F. Gary Gray tried. Forest Whitaker tried. Despite filmmakers’ curtailed attempts to make one, Fred Hampton is long overdue the biopic treatment.
After his brief appearance in The Trial Of The Chicago 7, the assassinated leader of the Illinois Black Panthers chapter has finally been given the portrait he deserves: a punchy, full-bodied and bitingly topical tale of passion, politics and betrayal, wrapped in a crime drama and played with commitment by a note-perfect cast.
After debates about the casting of a British actor, Daniel Kaluuya roars with righteous charisma as Hampton, who we meet stirring followers with calls to action (and, later, spearheading a Rainbow coalition of oppressed groups) against a charged late-’60s America backdrop.
Alongside Kaluuya’s galvanising lead, LaKeith Stanfield tackles the more reserved role of William O’Neal, a petty thief manipulated by Jesse Plemons’ fed Roy Mitchell into informing on Hampton.
While O’Neal could have been simply demonised, Stanfield and co-writer/director Shaka King draw out judiciously humanising, complicating themes of coercion and inner conflict, without diluting his actions.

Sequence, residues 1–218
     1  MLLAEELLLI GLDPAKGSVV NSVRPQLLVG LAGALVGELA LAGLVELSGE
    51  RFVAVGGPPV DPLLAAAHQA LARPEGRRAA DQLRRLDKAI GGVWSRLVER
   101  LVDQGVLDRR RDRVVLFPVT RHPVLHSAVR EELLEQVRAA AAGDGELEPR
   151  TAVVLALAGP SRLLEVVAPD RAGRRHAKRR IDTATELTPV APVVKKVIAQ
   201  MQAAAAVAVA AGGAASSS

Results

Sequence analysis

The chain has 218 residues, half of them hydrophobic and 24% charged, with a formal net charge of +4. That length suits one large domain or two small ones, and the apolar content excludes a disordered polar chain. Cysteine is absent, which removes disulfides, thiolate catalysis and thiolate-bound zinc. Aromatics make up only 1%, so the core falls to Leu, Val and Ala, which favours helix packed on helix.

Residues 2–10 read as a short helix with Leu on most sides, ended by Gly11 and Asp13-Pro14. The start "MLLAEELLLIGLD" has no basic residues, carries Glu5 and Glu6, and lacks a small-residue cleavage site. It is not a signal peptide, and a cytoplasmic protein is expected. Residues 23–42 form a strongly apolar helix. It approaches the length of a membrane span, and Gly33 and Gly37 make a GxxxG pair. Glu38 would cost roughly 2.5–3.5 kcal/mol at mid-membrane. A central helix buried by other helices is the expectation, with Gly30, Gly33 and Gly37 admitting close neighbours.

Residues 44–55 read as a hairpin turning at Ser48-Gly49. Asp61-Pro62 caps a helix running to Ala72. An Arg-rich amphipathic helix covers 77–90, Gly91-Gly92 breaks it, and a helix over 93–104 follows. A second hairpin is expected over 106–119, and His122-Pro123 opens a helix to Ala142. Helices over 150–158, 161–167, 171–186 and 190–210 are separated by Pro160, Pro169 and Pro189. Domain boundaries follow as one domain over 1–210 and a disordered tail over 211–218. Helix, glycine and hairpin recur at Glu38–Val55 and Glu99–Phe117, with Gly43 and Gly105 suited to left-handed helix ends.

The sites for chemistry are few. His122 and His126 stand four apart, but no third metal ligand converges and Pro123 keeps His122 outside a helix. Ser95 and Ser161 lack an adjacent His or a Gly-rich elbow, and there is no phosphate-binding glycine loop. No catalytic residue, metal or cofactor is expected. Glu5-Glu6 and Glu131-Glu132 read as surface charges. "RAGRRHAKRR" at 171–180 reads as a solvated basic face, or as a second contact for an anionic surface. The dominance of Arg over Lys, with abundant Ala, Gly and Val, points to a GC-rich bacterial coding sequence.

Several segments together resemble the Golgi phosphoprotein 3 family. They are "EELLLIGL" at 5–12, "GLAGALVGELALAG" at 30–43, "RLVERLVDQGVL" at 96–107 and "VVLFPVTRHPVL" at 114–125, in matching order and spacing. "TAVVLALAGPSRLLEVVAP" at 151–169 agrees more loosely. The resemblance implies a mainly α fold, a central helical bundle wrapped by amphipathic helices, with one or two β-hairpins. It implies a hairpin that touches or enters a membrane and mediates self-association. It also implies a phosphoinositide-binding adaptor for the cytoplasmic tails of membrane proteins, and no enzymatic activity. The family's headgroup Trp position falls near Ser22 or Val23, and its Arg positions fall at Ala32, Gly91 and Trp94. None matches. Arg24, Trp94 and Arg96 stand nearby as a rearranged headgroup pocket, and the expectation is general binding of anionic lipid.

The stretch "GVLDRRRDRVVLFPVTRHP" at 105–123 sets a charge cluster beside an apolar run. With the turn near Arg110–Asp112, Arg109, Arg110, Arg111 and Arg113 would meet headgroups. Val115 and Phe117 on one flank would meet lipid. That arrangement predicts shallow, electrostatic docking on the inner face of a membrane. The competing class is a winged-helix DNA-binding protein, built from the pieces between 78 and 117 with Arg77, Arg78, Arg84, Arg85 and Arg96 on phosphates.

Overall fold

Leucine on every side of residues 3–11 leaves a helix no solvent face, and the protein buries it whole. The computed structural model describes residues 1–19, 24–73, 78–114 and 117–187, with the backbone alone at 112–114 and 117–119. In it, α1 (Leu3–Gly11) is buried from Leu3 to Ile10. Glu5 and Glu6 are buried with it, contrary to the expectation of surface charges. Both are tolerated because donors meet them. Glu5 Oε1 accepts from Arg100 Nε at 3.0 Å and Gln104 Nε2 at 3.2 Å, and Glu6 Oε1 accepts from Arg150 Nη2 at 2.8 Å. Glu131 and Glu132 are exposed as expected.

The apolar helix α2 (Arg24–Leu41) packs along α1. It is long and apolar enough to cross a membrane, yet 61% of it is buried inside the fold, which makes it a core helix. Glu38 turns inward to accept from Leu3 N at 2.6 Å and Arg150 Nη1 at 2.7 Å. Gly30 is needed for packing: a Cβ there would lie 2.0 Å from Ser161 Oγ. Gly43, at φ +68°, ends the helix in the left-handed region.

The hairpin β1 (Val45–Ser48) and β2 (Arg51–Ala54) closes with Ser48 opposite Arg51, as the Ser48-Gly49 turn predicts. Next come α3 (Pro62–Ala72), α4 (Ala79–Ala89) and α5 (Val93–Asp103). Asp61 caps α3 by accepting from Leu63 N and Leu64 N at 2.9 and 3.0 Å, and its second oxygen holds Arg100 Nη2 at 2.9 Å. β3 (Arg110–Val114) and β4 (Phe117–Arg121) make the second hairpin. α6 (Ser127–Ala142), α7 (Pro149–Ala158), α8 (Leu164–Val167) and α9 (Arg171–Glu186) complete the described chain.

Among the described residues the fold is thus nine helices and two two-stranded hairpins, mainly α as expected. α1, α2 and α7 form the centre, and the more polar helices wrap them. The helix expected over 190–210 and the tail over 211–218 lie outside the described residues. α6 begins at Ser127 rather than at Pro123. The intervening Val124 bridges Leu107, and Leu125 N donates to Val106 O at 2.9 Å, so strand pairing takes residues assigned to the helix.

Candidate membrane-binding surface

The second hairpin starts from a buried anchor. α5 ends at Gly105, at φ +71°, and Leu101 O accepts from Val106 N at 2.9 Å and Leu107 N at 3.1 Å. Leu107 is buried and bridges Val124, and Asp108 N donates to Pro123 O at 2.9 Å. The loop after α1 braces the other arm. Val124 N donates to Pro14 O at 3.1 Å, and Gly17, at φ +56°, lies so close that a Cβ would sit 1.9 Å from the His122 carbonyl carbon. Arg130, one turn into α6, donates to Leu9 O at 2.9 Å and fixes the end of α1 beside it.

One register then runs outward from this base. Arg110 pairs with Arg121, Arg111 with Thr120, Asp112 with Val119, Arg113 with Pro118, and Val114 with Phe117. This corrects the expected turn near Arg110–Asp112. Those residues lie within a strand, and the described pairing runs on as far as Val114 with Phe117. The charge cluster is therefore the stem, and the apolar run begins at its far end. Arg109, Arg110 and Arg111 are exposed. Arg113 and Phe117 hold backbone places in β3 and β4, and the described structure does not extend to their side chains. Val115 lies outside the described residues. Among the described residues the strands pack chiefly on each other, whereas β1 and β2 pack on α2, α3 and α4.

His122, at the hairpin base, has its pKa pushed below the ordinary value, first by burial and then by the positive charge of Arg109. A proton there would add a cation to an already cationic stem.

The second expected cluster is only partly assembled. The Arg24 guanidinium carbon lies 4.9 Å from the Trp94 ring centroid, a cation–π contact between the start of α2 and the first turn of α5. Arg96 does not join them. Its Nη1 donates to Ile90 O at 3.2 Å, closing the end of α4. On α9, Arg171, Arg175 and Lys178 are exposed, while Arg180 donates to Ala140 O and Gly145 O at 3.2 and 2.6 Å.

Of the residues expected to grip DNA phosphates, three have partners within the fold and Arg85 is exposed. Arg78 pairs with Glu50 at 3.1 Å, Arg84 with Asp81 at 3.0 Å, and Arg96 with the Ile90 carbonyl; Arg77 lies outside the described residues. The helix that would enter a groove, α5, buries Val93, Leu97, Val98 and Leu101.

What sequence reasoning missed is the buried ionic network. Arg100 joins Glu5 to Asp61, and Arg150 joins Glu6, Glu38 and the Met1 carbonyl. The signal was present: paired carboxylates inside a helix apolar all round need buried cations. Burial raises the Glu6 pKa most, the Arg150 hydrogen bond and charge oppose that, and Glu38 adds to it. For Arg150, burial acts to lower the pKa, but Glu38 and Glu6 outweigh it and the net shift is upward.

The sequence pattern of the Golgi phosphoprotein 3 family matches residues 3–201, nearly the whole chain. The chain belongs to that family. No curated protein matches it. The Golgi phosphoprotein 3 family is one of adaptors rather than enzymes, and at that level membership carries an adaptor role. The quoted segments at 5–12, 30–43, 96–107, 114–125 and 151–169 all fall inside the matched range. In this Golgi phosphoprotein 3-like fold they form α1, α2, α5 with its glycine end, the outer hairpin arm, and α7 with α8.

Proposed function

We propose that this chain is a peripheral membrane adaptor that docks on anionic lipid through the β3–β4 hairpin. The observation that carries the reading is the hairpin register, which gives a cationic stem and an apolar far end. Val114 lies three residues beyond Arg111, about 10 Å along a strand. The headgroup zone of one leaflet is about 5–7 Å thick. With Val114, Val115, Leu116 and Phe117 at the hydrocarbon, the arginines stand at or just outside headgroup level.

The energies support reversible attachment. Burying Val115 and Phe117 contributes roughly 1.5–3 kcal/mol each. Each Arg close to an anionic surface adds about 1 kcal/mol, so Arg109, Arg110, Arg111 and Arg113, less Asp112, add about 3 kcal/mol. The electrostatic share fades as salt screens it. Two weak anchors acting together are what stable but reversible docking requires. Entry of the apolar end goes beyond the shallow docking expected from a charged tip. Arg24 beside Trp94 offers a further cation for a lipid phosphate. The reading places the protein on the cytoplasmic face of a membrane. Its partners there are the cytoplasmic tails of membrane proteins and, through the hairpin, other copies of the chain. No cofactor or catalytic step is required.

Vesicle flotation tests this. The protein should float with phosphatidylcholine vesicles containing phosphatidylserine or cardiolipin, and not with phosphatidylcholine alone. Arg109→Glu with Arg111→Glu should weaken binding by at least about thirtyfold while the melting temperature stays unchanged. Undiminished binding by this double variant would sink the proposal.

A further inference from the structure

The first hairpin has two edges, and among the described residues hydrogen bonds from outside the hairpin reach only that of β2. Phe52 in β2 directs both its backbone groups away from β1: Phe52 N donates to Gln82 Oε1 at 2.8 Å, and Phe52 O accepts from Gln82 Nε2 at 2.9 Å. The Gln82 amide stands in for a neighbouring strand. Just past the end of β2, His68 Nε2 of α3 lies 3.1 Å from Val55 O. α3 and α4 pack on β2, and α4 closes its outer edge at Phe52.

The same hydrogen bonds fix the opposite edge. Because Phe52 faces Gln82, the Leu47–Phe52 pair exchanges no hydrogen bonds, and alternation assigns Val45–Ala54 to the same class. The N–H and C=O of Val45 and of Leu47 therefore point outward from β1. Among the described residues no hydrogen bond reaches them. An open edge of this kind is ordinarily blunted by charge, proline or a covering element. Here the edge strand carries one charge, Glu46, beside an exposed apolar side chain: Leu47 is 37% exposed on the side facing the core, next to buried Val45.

As Bill’s position becomes more precarious, Stanfield’s wary, alert eyes tell a story that the rest of his body suppresses: a kind of duly subdued psychodrama of guilt, fear and cunning, couched in discreet nuances.
Kaluuya is equally commanding in his quieter moments with Dominique Fishback, who fulfils the promise of TV’s The Deuce as Hampton’s fiancée Deborah Johnson. Though she could use more screen time, Fishback brings measure and magnetism to Johnson: her speech about the legacy her generation will leave for their children pierces in its clarity.
The supports provide New Hollywood-style ballast. A sturdy Plemons evokes vintage Jack Nicholson in his insidious delivery; meanwhile, Martin Sheen underplays a potentially show-boating cameo as J. Edgar Hoover, whose barely veiled racism seems all too similar to today’s toxic alt-right speak.
Though the plot strands don’t cohere as cleanly as hoped in the faintly crowded second half, King’s keen direction and Director of Photography Sean Bobbitt’s naturalistic images hold the attention with an immersive and tactile immediacy.
That in-the-moment anchorage makes for a devastating climax, which lands with the punch of tragedy and more besides. Between its genre know-how and furious anger, King’s biopic makes damn sure you feel the weight of Hampton’s loss – and the need for his legacy to be honoured.